This module was an application of the theories of supply and demand. You will notice that once you learn a theory in this course, you will use it over and over again, so the theories are important to learn (click here for a review of theories from the earlier module). The goal of this module was to explore the impacts of government intervention in markets. You learned how to:
- Define and analyze the impacts of price floors like the minimum wage
- Define and analyze the impacts of price ceilings like rent control
- Describe the incidence of various transaction-based taxes, that is, who bears the burden of the tax?
- Identify the types of taxes and the sources of federal income
- Define and analyze the impact of taxes as a percentage of one’s income. In other words, is the burden on the rich, the poor or everyone equally?
Let’s return to the example of the minimum wage. Careful analysis shows that imposition of, or increases in the minimum wage have significant distributional effects. In other words, there are winners and losers from the policy. The winners are workers who continue to have a job, but are now paid a higher salary. The losers are businesses who have to pay more for their employees. This increase in production costs will be passed on, in part to consumers who will end up paying higher prices for the businesses’ products. So consumers lose also.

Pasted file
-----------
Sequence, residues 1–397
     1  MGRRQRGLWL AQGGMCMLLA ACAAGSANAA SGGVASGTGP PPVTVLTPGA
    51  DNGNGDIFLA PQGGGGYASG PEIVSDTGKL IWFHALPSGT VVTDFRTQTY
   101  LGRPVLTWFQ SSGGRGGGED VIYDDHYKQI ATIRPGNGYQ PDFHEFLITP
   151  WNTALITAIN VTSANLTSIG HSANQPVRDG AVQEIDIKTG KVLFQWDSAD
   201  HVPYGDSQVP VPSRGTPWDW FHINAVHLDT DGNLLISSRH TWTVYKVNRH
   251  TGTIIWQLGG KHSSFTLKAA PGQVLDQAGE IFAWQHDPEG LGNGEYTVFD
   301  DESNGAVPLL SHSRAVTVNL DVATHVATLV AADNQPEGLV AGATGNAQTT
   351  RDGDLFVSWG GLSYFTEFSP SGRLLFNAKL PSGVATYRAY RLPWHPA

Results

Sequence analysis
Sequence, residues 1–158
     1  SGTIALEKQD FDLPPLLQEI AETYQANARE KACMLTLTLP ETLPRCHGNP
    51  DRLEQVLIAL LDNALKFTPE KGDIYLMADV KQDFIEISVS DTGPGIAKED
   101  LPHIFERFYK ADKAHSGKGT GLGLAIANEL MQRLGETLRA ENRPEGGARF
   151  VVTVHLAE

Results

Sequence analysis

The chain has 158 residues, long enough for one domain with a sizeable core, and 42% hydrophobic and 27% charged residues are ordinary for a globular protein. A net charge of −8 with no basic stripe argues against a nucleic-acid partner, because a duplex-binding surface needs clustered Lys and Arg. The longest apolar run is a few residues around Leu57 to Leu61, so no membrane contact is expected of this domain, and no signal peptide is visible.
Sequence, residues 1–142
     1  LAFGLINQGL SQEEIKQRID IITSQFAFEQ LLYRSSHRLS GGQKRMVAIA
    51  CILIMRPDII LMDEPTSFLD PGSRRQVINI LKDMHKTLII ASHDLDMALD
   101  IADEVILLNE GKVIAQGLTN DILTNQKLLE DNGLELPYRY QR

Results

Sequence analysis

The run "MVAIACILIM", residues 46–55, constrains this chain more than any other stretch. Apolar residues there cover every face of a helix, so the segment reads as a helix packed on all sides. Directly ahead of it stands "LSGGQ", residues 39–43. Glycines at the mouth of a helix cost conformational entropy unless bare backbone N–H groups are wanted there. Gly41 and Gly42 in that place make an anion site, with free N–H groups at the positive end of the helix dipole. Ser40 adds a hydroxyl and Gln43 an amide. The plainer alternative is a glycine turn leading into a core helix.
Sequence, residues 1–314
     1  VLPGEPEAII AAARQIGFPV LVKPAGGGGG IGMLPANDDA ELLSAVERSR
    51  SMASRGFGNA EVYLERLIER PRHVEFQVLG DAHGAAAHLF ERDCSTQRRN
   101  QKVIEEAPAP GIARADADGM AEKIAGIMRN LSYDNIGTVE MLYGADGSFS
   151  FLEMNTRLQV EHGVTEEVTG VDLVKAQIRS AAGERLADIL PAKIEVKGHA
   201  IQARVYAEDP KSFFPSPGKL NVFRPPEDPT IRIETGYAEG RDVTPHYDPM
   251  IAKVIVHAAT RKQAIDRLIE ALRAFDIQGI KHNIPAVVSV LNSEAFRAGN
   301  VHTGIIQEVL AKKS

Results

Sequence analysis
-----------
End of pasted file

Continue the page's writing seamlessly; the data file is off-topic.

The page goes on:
The big losers, though, are the people who had jobs at the lower wage, but lose them when the minimum wage is increased. Which employees are most likely to lose their jobs, the most experienced and skilled, or the least experienced and skilled? Don’t forget that ultimately what matters is the size of these effects, which we learned in the last module are based on wage elasticities of supply and demand for labor and the price elasticity of demand for the firm’s products. These are the technical details that policy analysts will look at before making any recommendations to decision makers.